If the people of the suburbs want commuter rail because they’ve zoned themselves into 1/4 acre lot oblivion and need to get to a real city faster, then their mayors and commissioners might want to champion that cause. Guess what? They won’t. Because their citizens still want all the benefits of being close to a real city but want to make sure they pay for none of it nor have residents of that city be able to reach them.

          So please forgive the Mayor for not picking your suburban priorities as his top ones. He tried that, spent a lot of political capital on it, and many – you specifically – spat it in his face.

          He’s most likely going to focus on the real Atlanta now, and what it and its residents need. Good luck with the “metro” part. We’re on our own.

          • Bill Dawers says:

            You have some great points there, Charlie.

            High speed rail (or even decent speed rail that makes the trip in a couple of hours) between Atlanta and Savannah would have amazingly positive consequences for both cities. It’s the type of very expensive infrastructure project that could likely pay much higher long run dividends than just dumping billions more into road construction.

              • The Last Democrat in Georgia says:

                John, Exactly…Quickly transporting freight between the fast-growing and critically important international seaport at Savannah and ATL should likely be the very first priority in implementing high-speed rail service between ATL and Savannah, especially seeing the very notable impact that the Port of Savannah has on traffic on I-75 south of Atlanta.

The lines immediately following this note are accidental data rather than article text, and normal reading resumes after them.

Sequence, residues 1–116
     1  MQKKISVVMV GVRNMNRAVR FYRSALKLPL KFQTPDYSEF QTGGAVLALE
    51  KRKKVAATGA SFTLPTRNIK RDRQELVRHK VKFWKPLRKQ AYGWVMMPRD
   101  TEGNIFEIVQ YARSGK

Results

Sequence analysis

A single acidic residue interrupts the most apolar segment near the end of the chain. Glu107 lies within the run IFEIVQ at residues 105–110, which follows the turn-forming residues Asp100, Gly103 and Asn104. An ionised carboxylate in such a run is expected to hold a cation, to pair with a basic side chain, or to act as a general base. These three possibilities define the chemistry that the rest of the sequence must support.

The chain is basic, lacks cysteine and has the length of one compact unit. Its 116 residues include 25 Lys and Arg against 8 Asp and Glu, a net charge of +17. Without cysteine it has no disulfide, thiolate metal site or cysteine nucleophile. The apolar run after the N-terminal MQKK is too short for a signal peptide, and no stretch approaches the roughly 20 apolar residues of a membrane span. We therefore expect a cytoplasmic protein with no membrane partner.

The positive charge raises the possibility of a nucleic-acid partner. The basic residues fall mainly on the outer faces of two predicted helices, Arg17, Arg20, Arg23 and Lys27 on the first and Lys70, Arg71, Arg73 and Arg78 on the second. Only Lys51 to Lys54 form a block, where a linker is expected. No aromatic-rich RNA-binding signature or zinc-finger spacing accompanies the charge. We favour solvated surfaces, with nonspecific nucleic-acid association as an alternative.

Bill and the Mayor are all right in wanting to see high-speed passenger rail service between Atlanta and Savannah, but because of the overwhelming logistical impact of freight movements in and out of the Port of Savannah, it is clear that FREIGHT should be the starting point in implementing high-speed rail service between ATL and Savannah.

                After implementing high-speed freight rail between ATL and Savannah, implementing regional commuter passenger rail service between Atlanta and Macon should immediately be the second priority.

                Implementing high-speed passenger rail service between Atlanta and Savannah, while still important, should be third in importance at best AFTER implementing high-speed freight rail service between ATL and the Port of Savannah and commuter rail service in the same rail right-of-way between Atlanta and Macon.

                • John Konop says:

                  To your point, if done right, it would create major business investment from Savannah to Atlanta. We would have tremendous leverage in bringing in businesses that need to move goods. And by doing this it would morph into more demand for passenger rail via the added businesses. This would be a major shot into the arm for construction as well between Savannah and Georgia ie jobs homes, commercial buildings, retail…….

                  • The Last Democrat in Georgia says:

                    Exactly. Connecting the site of the world’s busiest passenger airport at Hartsfield in Atlanta with one of the world’s busiest and fastest-growing seaports at Savannah, first with high-speed freight rail and then soon after with high-speed passenger rail, is and should be a no-brainer.

                    • Daddy Got A Gun says:

                      Why would cargo that was at floating about the sea for 13 days, immediately need high speed freight upon arrival in Savannah?

                      What is the economic need that this rail line will satisfy? I don’t see on that would justify the $1B+ it’ll cost.

                    • The Last Democrat in Georgia says: